capacity to influence the climate in a variety of
ways
 Photosynthesis: fundamental control over the level of
carbon dioxide in the atm.
 Production of methane by the anaerobic decay of
vegetation
 Potential of biosphere to absorb additional
carbon dioxide is an important factor
 Carbon cycle [remember ecology notes]
Carbon cycle
Carbon cycle
 Negative feedback
  productivity of biosphere rises with increasing
carbon dioxide levels  slows the build up of carbon
dioxide in the atmosphere
 Factor in delaying some of the consequences of
emissions of this greenhouse gas
 Particulates
 One example
 Production of Dimethylsulphide by phytoplankton
Dimethyl sulfide (DMS)
emissions
Start: Sustained abnormal
weather patterns
 Does a prolonged spell of extreme weather affect the underlying
components of the climate long enough to influence the weather in
subsequent seasons, and conceivably lead to more prolonged
changes?
 Extreme snow cover prolongs cold weather in the northern
hemisphere [high albedo  extensive snow cover has a cooling
effect. Thus more snow -> more snow]. Needs to be sustained
 Average snow cover in April in N H is ~ 31 million km2; declined by ~ 2
million km2 in 20th century
 Arctic pack ice: 7 – 15 million km2 (summer to spring). Variations in
snow cover: 5 – 45 million km2 (late summer to winter). Reverse is true
in S Hemisphere
 Decline in sea ice in the Arctic (especially in summer months]
 While snow and ice cover changes have a
substantial short-term impact on the energy
balance during the winter half of the year
 Longer-term variability of the global climate
appears to overwhelm temporary influence of
these variations
Ocean-atmosphere
interactions
 Review from Ecology
El Niño
El Niño
Great ocean conveyor
 From top to bottom of the mixed layer of oceans generated by
action of the winds – little temperature difference
 Thermocline: narrow zone over which there is a rapid drop in
temperature
 Thickness of the mixed layer, thermal mixing where the surface
waters are heated by the sun or altered by the passage of
warmer or colder air, and by advection (transfer of heat by the
flow of fluid) of warmer of colder water or the upwelling of cold
water
 Thermohaline circulation (THC)- also called the Global Ocean
Conveyor, moves water between the deep and surface ocean
worldwide.
THC process
 Changes in seawater density arising from variations in temperature
and salinity  THC process
 Note: density of seawater is not a simple function of temperature and
salinity.
 Need to consider actual values of density. While freshwater has a max
density at 4C, at normal levels of salinity (32.5 to 37.5%), density increases
with declining temperature to the freezing point around -2C.
 Changes in density with salinity are simpler: the saltier the water, the denser it
becomes
 Denser water  sinks to greater depths
 Temperature depends on where the surface waters come from and
how much heat the oceans pick up / release
 Salinity: balance between losses through evaporation – gains through
rainfall or freshwater run-off
THC
 Deep waters: water that sinks to middle levels of
major oceans; only northern fringes of Atlantic
Ocean
 Bottom waters: colder denser layer below deep
waters; limited regions near coast of Antarctica
in Weddell and Ross Seas
THC processes
 (1) where freshwater enters the oceans  it can float on
top of seawater preventing deep circulation
 (2) any surface warming from lower latitudes -> forms a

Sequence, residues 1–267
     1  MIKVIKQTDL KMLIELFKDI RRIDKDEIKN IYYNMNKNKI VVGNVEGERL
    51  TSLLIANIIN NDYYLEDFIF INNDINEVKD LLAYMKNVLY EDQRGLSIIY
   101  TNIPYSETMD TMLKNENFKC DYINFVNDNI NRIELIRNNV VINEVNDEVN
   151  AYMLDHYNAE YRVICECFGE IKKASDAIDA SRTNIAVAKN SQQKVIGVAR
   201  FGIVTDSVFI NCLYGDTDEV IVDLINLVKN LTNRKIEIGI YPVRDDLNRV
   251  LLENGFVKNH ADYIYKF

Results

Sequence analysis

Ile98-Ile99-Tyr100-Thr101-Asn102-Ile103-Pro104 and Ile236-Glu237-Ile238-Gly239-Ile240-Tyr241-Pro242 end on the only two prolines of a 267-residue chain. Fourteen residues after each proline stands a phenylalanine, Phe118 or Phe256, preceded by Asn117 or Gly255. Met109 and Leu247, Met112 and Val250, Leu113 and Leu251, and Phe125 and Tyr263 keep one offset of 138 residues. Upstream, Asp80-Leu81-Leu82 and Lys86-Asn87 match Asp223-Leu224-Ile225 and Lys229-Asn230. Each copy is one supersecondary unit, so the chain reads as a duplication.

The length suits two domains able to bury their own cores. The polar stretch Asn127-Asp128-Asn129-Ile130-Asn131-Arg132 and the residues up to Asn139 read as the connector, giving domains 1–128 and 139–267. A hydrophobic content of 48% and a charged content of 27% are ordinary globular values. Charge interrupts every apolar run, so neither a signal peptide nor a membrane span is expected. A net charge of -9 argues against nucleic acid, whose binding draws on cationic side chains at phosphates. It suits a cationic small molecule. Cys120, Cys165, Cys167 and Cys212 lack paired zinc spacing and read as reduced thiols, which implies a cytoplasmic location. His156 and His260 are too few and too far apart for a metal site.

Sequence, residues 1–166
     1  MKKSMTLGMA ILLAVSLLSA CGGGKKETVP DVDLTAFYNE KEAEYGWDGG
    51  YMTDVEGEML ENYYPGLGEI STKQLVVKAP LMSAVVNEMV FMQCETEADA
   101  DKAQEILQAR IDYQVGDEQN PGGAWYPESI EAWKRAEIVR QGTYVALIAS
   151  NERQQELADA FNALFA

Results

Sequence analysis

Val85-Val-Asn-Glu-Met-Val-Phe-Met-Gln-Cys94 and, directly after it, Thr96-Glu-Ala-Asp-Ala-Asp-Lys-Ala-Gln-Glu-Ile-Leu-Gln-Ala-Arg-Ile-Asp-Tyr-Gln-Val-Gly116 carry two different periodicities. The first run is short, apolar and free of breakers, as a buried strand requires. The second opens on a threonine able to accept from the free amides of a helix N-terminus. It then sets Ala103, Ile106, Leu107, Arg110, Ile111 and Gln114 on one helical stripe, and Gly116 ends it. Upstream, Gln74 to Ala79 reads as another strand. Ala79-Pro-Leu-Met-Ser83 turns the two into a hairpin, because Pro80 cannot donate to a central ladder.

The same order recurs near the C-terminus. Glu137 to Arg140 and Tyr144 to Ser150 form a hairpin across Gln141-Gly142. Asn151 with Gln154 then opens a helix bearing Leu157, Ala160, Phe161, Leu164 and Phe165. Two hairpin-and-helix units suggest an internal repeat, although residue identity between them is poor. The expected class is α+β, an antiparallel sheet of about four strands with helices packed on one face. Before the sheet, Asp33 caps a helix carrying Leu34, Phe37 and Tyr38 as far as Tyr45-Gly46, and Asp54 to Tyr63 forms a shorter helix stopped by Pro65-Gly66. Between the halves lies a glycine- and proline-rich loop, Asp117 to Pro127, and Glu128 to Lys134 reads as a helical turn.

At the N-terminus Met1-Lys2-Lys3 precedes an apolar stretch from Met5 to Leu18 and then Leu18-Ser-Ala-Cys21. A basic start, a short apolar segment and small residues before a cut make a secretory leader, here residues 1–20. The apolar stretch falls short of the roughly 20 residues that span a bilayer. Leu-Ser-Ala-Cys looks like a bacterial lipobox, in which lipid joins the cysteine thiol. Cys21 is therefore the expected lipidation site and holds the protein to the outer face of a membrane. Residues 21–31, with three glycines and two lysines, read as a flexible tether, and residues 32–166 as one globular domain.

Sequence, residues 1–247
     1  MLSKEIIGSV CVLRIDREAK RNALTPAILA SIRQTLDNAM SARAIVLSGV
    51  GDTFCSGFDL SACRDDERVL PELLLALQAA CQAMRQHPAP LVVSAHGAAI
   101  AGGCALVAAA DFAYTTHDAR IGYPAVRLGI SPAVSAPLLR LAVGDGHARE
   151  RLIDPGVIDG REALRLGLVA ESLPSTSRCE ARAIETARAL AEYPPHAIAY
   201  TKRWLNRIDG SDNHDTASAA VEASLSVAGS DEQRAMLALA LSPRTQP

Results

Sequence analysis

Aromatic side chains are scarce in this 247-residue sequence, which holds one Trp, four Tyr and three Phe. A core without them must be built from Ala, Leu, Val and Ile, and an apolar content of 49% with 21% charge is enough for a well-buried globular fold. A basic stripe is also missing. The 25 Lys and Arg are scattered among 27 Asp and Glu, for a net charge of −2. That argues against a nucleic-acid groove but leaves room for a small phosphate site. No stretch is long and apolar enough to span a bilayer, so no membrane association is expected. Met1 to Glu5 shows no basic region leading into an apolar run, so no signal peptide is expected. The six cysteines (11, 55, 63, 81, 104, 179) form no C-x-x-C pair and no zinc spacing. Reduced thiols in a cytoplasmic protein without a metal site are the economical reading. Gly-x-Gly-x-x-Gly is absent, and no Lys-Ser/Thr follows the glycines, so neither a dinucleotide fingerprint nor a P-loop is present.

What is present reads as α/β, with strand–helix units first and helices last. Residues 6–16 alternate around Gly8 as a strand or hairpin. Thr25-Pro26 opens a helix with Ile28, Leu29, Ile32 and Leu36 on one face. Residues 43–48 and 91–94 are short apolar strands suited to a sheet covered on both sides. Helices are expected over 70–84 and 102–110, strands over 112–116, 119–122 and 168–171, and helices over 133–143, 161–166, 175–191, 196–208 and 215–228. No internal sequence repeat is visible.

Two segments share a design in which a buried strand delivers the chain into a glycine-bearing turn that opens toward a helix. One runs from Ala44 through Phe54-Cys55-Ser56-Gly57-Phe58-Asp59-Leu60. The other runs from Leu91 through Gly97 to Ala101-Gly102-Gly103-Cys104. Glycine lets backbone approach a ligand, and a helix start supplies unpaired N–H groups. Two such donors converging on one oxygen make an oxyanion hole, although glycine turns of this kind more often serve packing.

stable surface layer
 (3) stability of this surface layer (i.e. depth of thermocline)
– controlled by amount of surface mixing due to winds
 (4) deep mixing depends on formation of high salinity
water (freezing as salt is shed; or high evaporation)
  drive larger scale thermohaline circulation of the
oceans
Gulf stream
 The Atlantic is the
only ocean
where heat is
transported north
across the
equator. Here
warm surface
water from the
tropics reaches
further north than
in anywhere else
 the Gulf Stream
water releases
heat and
moisture to the
atmosphere,
making the
climate of the
region it passes
through warmer
and wetter than it
would otherwise
have been.
The Gulf Stream – satellite
image (NOAA)
Gulf Stream
 Although the Gulf Stream water is saltier than the deep water
below, it is much warmer, so its density is lower, and it remains on
the surface.
 On its journey north, the water releases heat to the atmosphere,
and cools gradually, until it is cold enough for its density to match
that of the deep layer. Sinking can begin.
 At this stage the surface water is still warmer than the deep water,
but it also saltier, so its density matches that of the deeper water,
allowing the two layers to mix. Should the surface water freshen for
some reasons, it would have to cool further before it can sink.
Sufficient freshwater input might reduce salinity to the extent that
the surface water could not possibly sink, even at sub-zero
temperatures.
?
 The possibility of abrupt changes in Gulf Stream heat
transport is one of the key uncertainties in predictions of
climate change for the coming centuries.
 Is THC in the lead – or doe the wind fields dominate the
ocean circulation?
 How winds and the THC combine to maintain the Gulf
Stream ties in neatly with the surface ocean currents
 One theory: Gulf Stream forced by torque exerted on the
ocean by the wind field.
 As long as the sun heats the Earth; Earth spins  Gulf Stream
 Primary mechanism of heat transport in the ocean is the windforcing of currents
Topics for you
 From the ‘Supporting Material’ links. Discuss one
of the bullets from the ‘Supporting Material’
 Due: Thursday.
topics
 Layal – Thursday (carbon dioxide in the oceans –
sink vs source; healthy components?)
 Lilliane – Tuesday (Marine algae and dimethyl
sulfide)
 Majd – Thursday (gulf stream – what is happening
and why?)